Warner brings perspective east

Editor's Note: This is the 12th in a series of stories that will profile each of the players in Penn State's Class of 2012.

Jonathan Warner brings solid hands and some good genetics to Penn State.

Jonathan Warner is just a year older than his twin brothers, Austin and Christian. When the three stand together, it's easy to see the resemblance. Jonathan would love to talk to his brothers about football, about the Penn State career he's about to embark upon, about what they feel when they stick a tape in the VCR and watch their father, Hall of Fame running back Curt Warner, run past Raiders or Broncos into the end zone.

But he can't.

"They don't really understand what I do," he said.

Austin and Christian are autistic. They'll talk to Jonathan about a few things -- they're both huge fans of Disney movies -- but the conversations are usually one-sided. They're often beset by mood swings and can get irritated quickly.

Jonathan has loved them since they were born, and growing up with them has allowed him to learn patience and perspective.

"I would say that they made me mature as a person," Warner said in an interview prior to his arrival on campus last week. "I also see that God kind of throws obstacles in your life, but it's for the better. When I was younger, I didn't understand why my brothers were like this. As I grew up, they made me grow up and see the finer things in life, I guess I could say. I really try to enjoy my life every single day."

Curt Warner, who helped lead Penn State to its first national championship, was the school's all-time leading rusher until two years ago and went on to a successful eight-year NFL career, is the founder and president of the Curt Warner Autism Foundation, which strives to help provide financial assistance to families affected by autism. His oldest son has adopted the same kind of philanthropic spirit, and it's not hard to see where he draws his inspiration.

"What he's been able to witness is that when children have special needs, and people don't understand it, they can be very rude," Curt Warner said. "He's had to witness that, and it's made him view things differently.

"He's had the opportunity to witness social behavior issues, academic behavior issues, etc. I think it has given him a whole new perspective of those who have special needs and disabilities. He's not just going to turn a blind eye to that."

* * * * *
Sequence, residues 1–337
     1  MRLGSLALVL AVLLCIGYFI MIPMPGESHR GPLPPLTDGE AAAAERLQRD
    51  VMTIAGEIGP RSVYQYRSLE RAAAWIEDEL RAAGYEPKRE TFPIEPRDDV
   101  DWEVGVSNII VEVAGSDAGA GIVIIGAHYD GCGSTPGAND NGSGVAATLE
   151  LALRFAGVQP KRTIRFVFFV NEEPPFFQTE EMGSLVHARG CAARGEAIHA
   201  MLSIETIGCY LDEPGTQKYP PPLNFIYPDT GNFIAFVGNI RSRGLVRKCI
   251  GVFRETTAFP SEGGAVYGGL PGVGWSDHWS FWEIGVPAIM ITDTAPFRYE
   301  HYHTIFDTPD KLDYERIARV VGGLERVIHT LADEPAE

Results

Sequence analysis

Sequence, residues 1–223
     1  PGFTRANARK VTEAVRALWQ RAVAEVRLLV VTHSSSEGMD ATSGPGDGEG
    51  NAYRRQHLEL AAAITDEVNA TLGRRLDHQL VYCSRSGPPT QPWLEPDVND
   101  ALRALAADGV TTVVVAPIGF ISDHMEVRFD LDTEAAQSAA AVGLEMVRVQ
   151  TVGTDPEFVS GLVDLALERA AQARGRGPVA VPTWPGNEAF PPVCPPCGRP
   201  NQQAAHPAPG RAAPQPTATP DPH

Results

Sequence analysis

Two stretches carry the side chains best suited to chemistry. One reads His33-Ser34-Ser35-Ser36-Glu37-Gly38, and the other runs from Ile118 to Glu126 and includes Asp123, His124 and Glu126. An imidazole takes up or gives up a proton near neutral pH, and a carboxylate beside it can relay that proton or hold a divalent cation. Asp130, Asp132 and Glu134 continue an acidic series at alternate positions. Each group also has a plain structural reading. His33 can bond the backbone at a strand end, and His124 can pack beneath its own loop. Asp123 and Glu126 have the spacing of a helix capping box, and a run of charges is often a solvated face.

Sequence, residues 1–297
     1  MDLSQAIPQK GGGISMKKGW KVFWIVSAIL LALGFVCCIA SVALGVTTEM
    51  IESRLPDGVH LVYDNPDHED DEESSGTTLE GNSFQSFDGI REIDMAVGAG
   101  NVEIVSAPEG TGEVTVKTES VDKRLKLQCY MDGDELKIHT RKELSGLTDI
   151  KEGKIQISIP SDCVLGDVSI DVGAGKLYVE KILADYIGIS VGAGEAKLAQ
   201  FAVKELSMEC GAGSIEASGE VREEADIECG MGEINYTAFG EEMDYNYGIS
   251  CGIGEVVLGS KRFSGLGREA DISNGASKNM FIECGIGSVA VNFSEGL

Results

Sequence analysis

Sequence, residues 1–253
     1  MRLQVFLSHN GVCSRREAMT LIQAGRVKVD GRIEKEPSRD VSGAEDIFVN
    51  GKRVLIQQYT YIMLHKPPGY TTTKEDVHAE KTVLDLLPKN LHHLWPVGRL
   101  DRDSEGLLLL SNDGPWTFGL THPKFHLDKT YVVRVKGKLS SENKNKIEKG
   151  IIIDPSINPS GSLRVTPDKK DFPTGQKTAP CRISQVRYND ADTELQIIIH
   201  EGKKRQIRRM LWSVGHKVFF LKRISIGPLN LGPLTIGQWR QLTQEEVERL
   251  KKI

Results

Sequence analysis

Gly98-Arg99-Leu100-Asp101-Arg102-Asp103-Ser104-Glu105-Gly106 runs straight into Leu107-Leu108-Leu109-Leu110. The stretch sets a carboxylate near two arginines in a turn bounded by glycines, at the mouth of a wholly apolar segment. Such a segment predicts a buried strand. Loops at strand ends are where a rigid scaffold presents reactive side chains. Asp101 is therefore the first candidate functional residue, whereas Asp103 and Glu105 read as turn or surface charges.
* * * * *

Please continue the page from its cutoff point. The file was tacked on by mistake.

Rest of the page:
Warner wanted to follow in his father's football footsteps as well, at least early on in his career.

"When I was in middle school, I got pretty beat up playing running back," he said.

So he switched positions, moving out to wide receiver. It proved to be an excellent change. The 6-foot-2 Warner played at 160 pounds as a freshman at Camas (Wash.) High School but had bulked up to 200 by his junior year. He worked diligently to improve his footwork and route-running, and pulled in 48 catches for 775 yards and 11 touchdowns during his senior season.

"What I like is the one-on-one coverage I have with the corner," he said, "showing what I can do as an individual, show my skills out at that position."

Warner received an offer from the new Penn State coaching staff in mid January and, after an official visit, decided he wanted to head east. He had only been to State College a couple of times previously, including a visit to a team camp after his sophomore season.

"It's going to be a little different," he said. "What I'm most excited about is getting to know the legacy of Penn State, getting to know new people like my future teammates. I might be a little homesick but hopefully I'll get over that hump in the next month or so."

His father saw Warner develop into a mature young man away from the field. He's excited to see his continued development on the gridiron and carving out his own place in Penn State football history.

"My interest was circling in what he was doing," Curt Warner said. "Helping him, advising him to try to be the best football player he can possibly be. What I'm proud of is he's still working toward that goal."

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